Azaleas and camellias that grow and bloom best in their native cool, rainy Pacific rim climate zones do surprisingly well in the central San Joaquin Valley’s long hot summers and short dry winters. If azaleas and camellias are planted in rich, well-draining soil where they are sheltered from the afternoon sun, they often become the springtime showpieces in our gardens.
Never miss a local story.
Feed azaleas and camellias after they’ve finished blooming with a low-number granular fertilizer formulated for shade plants. Shade plant fertilizers contain extra sulfur that lowers our high soil pH (highly alkaline) to neutral or slightly acidic levels, which allow plants’ roots to more easily take up iron and other nutrients. You can also sprinkle a half cup per bush of sulfur granules twice a year over the root zone and lightly scratch the granules into the soil. Water well after each monthly fertilization during the summer.
In arid climates such as ours, alkaline salts build up in the soil over time and leave a white crusty coating on top of the soil or mulch. Thoroughly drench the soil underneath camellias and azaleas twice a year to wash the salts deeper down into the soil – well beneath the roots.
Camellias and azaleas set their buds for next spring’s bloom during the months just after they’ve finished flowering. Any pruning should be done before bud set. Trim azaleas and camellias to preserve their naturally lovely shape, don’t shear them. Cut back wayward branches to another branch junction and remove congested growth in the center of the bush.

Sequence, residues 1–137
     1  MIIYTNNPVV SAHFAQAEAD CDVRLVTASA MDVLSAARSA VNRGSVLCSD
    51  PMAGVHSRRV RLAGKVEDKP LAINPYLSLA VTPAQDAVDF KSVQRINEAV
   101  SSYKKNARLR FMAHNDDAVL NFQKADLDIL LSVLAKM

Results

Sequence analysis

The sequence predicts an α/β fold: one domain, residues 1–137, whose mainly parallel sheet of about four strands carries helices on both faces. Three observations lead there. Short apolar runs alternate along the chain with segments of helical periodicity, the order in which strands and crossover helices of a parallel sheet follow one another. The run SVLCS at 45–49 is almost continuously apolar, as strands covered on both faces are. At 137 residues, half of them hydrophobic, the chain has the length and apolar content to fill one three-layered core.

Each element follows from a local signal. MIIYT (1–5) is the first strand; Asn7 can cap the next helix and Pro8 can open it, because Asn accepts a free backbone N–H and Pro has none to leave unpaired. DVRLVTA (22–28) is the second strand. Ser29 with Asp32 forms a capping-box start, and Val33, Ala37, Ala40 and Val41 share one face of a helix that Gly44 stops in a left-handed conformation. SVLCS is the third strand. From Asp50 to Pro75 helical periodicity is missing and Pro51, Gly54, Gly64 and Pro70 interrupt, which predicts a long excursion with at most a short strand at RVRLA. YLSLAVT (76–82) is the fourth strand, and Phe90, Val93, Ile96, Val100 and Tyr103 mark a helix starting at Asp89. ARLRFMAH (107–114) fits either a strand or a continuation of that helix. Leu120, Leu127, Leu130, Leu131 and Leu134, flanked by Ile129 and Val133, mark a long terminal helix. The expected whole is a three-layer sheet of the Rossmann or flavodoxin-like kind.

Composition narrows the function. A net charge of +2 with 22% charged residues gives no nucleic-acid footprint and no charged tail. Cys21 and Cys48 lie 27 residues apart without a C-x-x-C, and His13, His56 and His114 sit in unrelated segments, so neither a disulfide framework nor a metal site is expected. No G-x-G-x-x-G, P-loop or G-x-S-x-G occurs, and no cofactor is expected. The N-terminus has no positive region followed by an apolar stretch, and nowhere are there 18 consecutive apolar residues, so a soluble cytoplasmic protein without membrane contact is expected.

Pick up fallen camellia blossoms regularly to prevent the spread of the camellia petal blight fungus which is carried by splashing rain or irrigation water onto the flowers. The petals first turn brown, then the entire flower is affected and falls off prematurely. After this year’s flowering is finished, replace or top mulches underneath camellia bushes to remove or cover fungal spores.
Reminder: As of writing this column, Fresno had received just 1.64 inches of rain for the season to date. Average rainfall into early February should be 5.69 inches with an average annual total for the entire year of 11.61 inches. It would not be unreasonable for us to anticipate another severe drought year ahead.
Many citrus trees in the Central Valley have begun to drop their ripening crops. Insufficient irrigation is the primary cause of early crop loss in fruit and nut trees. The scant rainfall we’ve received so far this winter and spring has not been nearly enough to soak the soil or to thoroughly irrigate root systems. To help prevent crop loss, deep irrigate citrus, other fruit trees and nut trees throughout the coming months when the top 4 inches of soil has dried or at least once a week. Allow water to slowly trickle down into the top 12 inches of soil underneath the tree canopy. Avoid over-pruning, which often forces a heavy flush of new growth that requires increased irrigation.
Irrigate mature landscape trees deeply and slowly as they exit dormancy these next few weeks to help them survive another drought year and limit dieback and limb loss.
Elinor Teague: email@example.com